Why you should care
Positivity, joie de vivre, life force – whatever you call it, it’s one of the things that made Mandela so powerful.
The hagiography of Nelson Mandela was long in the making. Within a day of his death, people of all political stripes were laying claim to him as a great moral hero. Others were arguing about who had the right to make such claims. From the left came arguments that Mandela had been sanitized and whitewashed for mass consumption, where in reality, he’d espoused violence, if reluctantly; championed socialism, if unsuccessfully; and had been, for goodness’ sakes, a beast in the boxing ring, courtroom and debate hall as a younger man.
Our debates over who he was, what he stood for, and his legacy say more about us than him.
It is probably inevitable that men like Mandela become symbols, and our debates over who he was, what he stood for, and his legacy say more about us than him. For now, it seems pretty clear that our culture more readily accepts freedom fighters and black men when they appear to be elderly sweethearts. Which do you prefer: Angry Mandela, the young, pugnacious boxer, or Beloved Madiba, the gray-haired man with the twinkling eyes and grin?
Perhaps Mandela’s post-prison persona — warm, fuzzy and devoid of hate and bitterness – was crafted to disarm. Or maybe, as writer Eve Fairbanks suggests, it’s part of a narrative that resonates deep down: “[T]he story of a total transfiguration forms part of his appeal to us. His life becomes a real-world fairy tale of how suffering lifts us up and forgiveness sets us free.”
People working for human rights often find joy in things that most people take for granted: the chance to be alive and to do their work.
To be sure, Mandela has said as much, in his autobiography and elsewhere. But I prefer a different explanation for his warmth and apparent cheer. Many of the people I’ve encountered in human rights, from political prisoners to torture victims to lawyers for supposedly lost causes, possess a kind of zest and joy that is essential to their work and their politics. They joke, banter and play more than you might expect, and probably much more than average. Many are cheerful and warm. They find joy in things that most people take for granted: the chance to be alive and to do their work. In doing so, they enliven and bolster the spirits of those around them.
What I know of Mandela suggests something similar. He was funny, goofy, dry, mischievous. His confidante, the white South African writer Mary Benson, recalled Mandela’s disguises while he was underground: a window cleaner, a mechanic, a chauffeur. After one meeting in a safehouse, Mandela offered Benson a lift home. “He wore this white chauffeur’s coat and a peaked cap,” she told the BBC, gleefully, before she died, in 2000. “So he was the chauffeur and I was the madam in the back.”
A terrible flu struck Robben Island in 1974, and all but three new arrivals and Mandela succumbed – Madiba’s resistance, apparently, being too strong. According to fellow inmate and ANC comrade Ahmed Kathrada, Mandela emptied and cleaned everyone’s flu buckets for days on end. It was the sort of gesture that made the foreboding island a place of love and care. Under Mandela, the prison became “University of the Struggle,” complete with political education classes and syllabi.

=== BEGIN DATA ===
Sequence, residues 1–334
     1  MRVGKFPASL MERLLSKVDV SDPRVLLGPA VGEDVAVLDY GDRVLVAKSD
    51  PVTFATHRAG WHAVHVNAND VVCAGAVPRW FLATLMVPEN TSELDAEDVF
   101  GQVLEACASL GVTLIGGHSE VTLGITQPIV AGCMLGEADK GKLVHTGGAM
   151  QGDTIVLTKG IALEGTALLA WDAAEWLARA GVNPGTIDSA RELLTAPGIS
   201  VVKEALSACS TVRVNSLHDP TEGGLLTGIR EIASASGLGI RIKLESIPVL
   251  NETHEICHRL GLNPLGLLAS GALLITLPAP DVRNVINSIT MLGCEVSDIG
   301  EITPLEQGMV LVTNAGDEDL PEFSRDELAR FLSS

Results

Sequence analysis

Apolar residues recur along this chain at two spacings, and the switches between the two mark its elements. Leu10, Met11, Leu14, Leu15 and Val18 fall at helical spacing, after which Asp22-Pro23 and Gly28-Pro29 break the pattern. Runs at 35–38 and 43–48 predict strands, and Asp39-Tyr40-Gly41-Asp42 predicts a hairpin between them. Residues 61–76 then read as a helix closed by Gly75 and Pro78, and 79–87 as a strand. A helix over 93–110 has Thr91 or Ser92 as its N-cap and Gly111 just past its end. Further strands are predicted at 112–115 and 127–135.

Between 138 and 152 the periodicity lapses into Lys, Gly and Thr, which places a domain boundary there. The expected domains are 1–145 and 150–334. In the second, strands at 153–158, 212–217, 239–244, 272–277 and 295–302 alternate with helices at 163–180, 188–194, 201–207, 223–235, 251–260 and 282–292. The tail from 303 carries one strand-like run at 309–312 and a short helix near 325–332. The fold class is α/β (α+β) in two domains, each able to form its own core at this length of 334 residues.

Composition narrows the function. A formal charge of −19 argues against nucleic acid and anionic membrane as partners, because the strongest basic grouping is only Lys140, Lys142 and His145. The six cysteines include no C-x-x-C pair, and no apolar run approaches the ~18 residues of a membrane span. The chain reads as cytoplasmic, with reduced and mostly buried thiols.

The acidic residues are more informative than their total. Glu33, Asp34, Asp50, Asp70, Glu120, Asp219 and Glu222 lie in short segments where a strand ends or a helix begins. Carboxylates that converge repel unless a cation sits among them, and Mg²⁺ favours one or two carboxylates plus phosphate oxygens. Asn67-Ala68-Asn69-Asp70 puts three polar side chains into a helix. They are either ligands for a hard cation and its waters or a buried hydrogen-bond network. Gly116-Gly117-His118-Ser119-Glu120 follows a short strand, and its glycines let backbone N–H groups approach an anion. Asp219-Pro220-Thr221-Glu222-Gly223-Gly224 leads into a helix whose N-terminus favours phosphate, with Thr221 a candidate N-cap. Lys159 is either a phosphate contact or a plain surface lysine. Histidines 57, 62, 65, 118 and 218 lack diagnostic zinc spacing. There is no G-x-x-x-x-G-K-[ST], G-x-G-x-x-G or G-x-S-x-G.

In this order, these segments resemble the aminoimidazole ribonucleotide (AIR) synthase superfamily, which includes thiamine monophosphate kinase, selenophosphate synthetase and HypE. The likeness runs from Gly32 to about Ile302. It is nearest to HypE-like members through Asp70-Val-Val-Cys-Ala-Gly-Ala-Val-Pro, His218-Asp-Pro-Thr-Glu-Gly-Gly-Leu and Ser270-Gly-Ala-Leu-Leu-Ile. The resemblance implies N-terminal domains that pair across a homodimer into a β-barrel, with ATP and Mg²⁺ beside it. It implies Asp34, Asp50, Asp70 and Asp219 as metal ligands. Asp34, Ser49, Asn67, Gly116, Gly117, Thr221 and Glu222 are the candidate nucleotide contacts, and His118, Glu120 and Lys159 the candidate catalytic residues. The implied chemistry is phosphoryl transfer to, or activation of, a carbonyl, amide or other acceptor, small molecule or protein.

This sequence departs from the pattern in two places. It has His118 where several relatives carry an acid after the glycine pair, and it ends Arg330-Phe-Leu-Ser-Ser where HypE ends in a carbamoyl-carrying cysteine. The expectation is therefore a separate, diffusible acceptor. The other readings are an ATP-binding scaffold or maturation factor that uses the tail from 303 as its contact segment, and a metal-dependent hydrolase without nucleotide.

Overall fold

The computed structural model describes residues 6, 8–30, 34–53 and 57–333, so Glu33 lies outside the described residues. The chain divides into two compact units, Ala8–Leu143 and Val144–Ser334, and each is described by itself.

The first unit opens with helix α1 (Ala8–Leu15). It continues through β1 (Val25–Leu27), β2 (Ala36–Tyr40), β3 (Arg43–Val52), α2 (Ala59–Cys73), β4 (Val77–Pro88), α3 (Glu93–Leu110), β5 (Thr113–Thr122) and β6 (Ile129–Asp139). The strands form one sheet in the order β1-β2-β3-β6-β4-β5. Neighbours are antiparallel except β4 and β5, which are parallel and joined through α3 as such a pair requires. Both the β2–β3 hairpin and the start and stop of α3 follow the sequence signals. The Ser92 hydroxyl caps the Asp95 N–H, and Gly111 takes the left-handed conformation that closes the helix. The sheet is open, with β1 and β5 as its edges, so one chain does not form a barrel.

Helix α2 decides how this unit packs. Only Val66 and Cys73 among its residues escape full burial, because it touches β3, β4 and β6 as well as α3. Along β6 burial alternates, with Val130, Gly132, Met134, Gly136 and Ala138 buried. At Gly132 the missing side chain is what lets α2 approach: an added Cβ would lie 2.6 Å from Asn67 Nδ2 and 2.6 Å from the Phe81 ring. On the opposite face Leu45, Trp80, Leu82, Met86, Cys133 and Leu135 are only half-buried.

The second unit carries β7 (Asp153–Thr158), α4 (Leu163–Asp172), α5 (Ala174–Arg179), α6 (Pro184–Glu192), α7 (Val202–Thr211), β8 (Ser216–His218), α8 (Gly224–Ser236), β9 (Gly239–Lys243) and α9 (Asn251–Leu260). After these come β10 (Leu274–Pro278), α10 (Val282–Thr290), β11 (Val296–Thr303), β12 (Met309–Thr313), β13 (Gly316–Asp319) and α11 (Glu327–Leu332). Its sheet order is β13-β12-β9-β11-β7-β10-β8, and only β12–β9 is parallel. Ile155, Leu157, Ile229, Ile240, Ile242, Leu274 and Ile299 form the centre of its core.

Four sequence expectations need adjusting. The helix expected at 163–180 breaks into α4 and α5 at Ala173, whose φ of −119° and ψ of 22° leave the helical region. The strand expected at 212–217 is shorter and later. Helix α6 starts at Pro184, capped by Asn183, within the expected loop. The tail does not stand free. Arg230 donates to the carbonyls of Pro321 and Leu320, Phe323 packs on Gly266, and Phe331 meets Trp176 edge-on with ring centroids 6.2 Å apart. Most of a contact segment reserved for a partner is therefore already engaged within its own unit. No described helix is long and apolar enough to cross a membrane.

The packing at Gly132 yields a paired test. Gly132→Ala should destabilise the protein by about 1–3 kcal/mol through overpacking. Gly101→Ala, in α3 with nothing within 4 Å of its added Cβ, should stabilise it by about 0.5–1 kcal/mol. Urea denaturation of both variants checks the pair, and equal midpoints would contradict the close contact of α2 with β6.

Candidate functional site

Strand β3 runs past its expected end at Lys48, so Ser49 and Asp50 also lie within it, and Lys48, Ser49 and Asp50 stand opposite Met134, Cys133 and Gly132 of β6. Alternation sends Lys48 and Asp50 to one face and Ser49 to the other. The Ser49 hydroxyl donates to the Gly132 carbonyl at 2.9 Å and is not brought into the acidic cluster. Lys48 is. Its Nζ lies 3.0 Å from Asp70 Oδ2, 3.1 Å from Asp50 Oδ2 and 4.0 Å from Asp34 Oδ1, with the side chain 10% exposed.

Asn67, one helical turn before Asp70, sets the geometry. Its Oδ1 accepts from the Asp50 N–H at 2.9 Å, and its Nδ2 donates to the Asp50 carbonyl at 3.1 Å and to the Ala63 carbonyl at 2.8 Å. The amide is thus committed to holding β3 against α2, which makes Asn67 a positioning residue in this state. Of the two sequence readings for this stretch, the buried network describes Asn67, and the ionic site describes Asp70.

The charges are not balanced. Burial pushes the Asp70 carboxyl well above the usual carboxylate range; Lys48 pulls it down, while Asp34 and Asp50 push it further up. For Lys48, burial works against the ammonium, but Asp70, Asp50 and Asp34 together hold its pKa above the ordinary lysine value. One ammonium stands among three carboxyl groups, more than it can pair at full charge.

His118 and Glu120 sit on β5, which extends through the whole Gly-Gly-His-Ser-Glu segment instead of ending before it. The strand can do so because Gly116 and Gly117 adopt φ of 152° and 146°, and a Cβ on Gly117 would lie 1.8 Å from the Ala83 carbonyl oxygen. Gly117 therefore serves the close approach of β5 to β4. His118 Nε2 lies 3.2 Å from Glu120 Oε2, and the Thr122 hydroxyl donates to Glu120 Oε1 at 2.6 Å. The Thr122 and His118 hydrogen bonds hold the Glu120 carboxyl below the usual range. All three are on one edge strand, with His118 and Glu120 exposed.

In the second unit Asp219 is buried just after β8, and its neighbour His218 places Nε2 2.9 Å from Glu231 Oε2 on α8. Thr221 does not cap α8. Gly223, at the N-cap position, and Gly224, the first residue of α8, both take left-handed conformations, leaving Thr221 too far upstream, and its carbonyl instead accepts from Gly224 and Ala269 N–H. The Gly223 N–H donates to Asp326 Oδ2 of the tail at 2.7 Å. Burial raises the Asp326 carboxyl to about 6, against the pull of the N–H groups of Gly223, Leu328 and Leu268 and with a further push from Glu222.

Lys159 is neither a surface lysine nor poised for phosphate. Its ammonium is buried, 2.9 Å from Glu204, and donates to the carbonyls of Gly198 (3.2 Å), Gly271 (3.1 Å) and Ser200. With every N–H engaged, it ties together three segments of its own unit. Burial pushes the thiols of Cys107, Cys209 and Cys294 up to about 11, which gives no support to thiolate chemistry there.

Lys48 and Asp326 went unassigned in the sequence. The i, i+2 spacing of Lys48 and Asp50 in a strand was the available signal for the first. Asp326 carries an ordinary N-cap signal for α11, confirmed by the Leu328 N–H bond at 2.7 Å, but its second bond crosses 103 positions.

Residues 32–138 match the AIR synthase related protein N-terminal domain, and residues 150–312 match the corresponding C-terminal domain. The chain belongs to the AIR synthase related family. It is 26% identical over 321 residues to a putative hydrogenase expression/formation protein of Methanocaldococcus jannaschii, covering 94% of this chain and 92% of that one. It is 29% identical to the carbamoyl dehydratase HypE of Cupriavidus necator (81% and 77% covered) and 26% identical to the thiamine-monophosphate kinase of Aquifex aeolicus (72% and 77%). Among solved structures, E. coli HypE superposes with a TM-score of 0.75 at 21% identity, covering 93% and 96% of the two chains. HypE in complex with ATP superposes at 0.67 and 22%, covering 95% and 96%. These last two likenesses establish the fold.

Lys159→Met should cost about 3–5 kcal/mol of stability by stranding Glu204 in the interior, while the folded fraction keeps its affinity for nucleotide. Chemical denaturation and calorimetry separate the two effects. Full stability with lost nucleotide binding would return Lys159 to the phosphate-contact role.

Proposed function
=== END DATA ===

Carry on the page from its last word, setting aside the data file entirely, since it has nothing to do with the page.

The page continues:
Mandela’s gesture made the foreboding island a place of love and care. Under Mandela, the prison became “University of the Struggle…”
Mandela, it seems, was the undisputed leader. He didn’t behave like a prisoner. The phalanx of guards that accompanied him to the visitors’ hall seemed to match his pace, not he to theirs, and some smiled when he jokingly called them his “guard of honor.”
The guard narrative recalls the story of Dietrich Bonhoeffer, an anti-Nazi dissident who was imprisoned and finally hung. Bonhoeffer’s prison guards admired him, remarked on his winningness. “He had an extraordinarily resilient love of life, a joyfulness, a hopefulness,” says Brian Palmer, a professor who lectures on civic engagement in Sweden. “It’s hard to imagine that Mandela didn’t have some of those qualities if he could come out of such a long confinement without bitterness,” Palmer says.
Palmer recently co-authored a book whose Swedish title translates to 101 Historical Heroes. (An American edition, in English, is forthcoming.) It’s full of stories like Bonhoeffer’s. Another is of Witold Pilecki, a Polish resistance fighter who willingly got sent to a concentration camp to gather intelligence and escape. During his detention at Auschwitz, Pilecki consistently found joy in small things: the tiny kindnesses of his fellow inmates and even the guards, or an assignment to the woodworking shop. “All my life I’ve wanted to try woodcarving,” Pilecki wrote in his diary.
Palmer notes that like Mandela, many of the subjects in his book came to terms with their death long in advance, and ”that this kind of acceptance of one’s own death often comes with a great release of new kinds of energy.” Certainly Mandela had prepared by the time he was tried for high treason, famously ending his statement by proclaiming his willingness to die for a free, democratic and equal society.
By then he had already done time in prison, which perhaps gave him foretaste and forbearance enough.
“After one has been in prison,” he wrote in his autobiography, ”it is the small things that one appreciates: being able to take a walk whenever one wants, going into a shop and buying a newspaper, speaking or choosing to remain silent. The simple act of being able to control one’s person.”